Thought Leaders: The Concept of “Assume Breach”

By Scott Warner - Connecting Point — 

As you read headline news these days, you’ll probably stumble upon stories where large organizations fall victim to elegant cyber-attacks architected by nation-states and other dark-web criminals to compromise sensitive targets. It’s easy to move past those events and conclude that those businesses are being targeted because they must have ‘important data.’ While that’s true, the reality is that the bad guys just care about controlling information that is important to you… it’s called leverage. And if they are good enough and smart enough to trap enterprise IT teams and government entities with sophisticated IT systems, large IT teams, and healthy IT budgets, you can guarantee that they are good enough to get into your world and take advantage.

According to a 2020 article in CISO Magazine, over 60% of small businesses experienced a security event in the last 12 months.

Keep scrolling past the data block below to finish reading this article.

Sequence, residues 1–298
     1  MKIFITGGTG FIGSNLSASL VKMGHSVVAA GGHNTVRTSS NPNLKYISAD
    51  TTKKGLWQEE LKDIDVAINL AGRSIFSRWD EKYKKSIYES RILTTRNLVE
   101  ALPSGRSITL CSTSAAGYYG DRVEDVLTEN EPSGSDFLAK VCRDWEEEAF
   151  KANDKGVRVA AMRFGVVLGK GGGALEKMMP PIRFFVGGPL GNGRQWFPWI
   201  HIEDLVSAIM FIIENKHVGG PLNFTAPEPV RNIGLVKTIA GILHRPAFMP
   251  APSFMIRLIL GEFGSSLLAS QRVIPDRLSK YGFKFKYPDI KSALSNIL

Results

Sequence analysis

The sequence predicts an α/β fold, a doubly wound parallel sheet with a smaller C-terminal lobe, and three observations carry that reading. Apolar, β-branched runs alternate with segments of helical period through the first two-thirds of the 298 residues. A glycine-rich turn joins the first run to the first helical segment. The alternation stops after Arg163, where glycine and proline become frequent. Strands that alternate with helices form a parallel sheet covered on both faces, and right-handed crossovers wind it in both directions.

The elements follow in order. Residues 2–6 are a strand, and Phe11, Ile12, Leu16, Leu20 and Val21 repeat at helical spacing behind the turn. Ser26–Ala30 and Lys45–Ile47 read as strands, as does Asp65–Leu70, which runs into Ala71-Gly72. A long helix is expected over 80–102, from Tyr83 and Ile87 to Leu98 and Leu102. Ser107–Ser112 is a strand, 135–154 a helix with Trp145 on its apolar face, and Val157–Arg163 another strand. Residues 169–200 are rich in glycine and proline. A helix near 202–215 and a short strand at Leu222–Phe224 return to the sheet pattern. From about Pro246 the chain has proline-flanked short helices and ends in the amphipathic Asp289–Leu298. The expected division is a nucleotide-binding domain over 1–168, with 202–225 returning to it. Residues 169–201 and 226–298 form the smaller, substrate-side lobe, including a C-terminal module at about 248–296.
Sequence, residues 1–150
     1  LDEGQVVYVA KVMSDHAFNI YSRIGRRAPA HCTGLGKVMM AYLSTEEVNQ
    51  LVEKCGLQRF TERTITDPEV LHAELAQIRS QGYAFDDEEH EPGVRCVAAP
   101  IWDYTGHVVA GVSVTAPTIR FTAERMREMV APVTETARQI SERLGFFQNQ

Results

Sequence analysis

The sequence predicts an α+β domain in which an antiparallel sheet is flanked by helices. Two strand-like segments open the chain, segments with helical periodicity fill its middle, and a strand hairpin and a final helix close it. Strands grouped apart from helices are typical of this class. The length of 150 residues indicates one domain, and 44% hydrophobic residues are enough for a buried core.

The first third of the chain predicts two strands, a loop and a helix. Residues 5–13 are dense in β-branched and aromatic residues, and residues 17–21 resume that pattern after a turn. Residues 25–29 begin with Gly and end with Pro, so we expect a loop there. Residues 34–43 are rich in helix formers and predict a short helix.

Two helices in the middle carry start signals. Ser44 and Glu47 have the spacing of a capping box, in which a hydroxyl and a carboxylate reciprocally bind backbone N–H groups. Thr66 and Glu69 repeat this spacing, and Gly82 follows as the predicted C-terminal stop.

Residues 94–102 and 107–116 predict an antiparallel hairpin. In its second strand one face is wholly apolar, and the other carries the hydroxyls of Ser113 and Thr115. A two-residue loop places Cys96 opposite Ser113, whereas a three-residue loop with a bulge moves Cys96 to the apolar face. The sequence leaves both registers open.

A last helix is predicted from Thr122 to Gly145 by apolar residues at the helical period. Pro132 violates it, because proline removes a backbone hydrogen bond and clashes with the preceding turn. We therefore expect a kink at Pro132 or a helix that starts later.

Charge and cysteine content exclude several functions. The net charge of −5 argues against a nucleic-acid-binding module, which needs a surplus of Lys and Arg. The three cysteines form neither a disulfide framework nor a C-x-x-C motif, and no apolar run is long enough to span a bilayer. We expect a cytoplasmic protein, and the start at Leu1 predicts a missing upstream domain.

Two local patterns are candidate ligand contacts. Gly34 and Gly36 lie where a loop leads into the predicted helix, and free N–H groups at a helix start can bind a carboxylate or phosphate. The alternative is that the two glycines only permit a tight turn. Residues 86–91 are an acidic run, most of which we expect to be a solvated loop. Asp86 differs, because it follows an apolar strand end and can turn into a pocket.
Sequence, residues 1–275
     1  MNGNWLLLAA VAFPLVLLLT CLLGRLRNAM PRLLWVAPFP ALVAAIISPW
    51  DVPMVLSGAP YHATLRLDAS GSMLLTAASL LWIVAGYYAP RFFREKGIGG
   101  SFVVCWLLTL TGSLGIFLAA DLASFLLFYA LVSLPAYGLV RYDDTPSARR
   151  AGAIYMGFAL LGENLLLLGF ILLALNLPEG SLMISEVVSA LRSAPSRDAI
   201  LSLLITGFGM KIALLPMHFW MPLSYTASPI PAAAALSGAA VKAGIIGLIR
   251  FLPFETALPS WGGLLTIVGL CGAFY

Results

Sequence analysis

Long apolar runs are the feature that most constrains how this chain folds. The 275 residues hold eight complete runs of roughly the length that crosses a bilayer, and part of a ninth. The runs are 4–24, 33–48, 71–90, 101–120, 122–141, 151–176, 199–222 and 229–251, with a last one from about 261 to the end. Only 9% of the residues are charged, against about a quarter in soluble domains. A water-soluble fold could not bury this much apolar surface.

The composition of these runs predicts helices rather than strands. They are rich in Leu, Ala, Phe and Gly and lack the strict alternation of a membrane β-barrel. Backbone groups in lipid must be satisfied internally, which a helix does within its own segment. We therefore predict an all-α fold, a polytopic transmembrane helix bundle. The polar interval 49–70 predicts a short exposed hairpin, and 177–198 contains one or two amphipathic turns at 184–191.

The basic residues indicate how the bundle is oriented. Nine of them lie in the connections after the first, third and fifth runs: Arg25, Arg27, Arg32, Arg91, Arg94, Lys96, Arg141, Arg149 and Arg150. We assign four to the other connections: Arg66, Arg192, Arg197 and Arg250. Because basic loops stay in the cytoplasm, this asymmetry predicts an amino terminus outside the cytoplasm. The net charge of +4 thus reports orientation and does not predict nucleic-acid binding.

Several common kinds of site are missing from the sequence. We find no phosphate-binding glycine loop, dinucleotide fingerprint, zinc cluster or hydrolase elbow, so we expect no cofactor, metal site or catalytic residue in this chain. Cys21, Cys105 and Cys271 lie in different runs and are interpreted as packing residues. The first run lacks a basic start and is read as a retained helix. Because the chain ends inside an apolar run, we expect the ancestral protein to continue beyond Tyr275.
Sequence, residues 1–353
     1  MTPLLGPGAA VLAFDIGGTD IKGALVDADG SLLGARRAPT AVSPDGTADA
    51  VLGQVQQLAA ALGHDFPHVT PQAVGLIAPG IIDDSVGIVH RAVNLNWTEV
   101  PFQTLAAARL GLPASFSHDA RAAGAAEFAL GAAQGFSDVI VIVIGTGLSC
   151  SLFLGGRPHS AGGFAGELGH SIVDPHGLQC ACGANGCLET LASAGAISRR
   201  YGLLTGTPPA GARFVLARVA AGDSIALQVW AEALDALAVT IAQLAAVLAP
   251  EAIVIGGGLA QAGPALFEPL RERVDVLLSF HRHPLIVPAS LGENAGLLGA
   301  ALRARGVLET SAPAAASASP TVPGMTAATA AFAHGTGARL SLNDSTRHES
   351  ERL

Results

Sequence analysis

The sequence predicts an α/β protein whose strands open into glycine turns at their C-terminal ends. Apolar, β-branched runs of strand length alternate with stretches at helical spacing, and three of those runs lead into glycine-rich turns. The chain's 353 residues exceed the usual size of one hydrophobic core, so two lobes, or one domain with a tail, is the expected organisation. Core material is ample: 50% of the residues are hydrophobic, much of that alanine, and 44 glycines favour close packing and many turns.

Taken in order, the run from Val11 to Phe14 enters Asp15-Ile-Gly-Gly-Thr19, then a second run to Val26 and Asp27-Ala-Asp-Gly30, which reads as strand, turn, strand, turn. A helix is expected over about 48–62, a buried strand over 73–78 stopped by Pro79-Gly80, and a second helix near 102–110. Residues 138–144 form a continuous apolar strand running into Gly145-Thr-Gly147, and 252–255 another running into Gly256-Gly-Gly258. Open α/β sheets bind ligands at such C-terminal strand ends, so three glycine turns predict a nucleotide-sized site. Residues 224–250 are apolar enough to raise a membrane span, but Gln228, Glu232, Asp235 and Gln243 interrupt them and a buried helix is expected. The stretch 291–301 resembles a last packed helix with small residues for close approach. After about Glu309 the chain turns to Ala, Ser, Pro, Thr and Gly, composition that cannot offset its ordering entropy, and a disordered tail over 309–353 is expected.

It’s for this reason that I’d like to present a term that I think every business owner should adopt into their vernacular: “Assume Breach.” This concept encourages a business to take a posture of expecting that their business will experience some form of a breach. It’s a posture of ‘when,’ not ‘if.’ If a business owner can begin using that lens to evaluate their business and IT security strategy, it begins to take the pressure and fear away from the ‘if’ and it empowers a team to pull together an action plan that helps an organization be prepared for the ‘when.’ Additionally, every business should have an IT security strategy along with a plan for if/when they experience a security event (also called an Incident Response Plan) as well as a recovery plan (commonly called a Disaster Recovery Plan).

There is no guarantee that a business will not experience a breach. In fact, as time moves forward, the odds they will experience a security event in some form increase.

However, we can prepare for these kinds of events and build an IT security strategy that mitigates the risk (or reduces the odds) of an attack. We can also build our strategy on a foundation that seeks to minimize the impact of a breach and allows for efficient and effective recovery.

If you catch yourself thinking ‘what if that happened to me?’ I urge you to use the lens of “Assume Breach” to start being proactive around protecting your business, your people, and your customers.

For those who don’t know where to start or what a good IT security strategy looks like, Connecting Point can help. We can also help develop strong Incident Response Plans and Disaster Recovery Plans.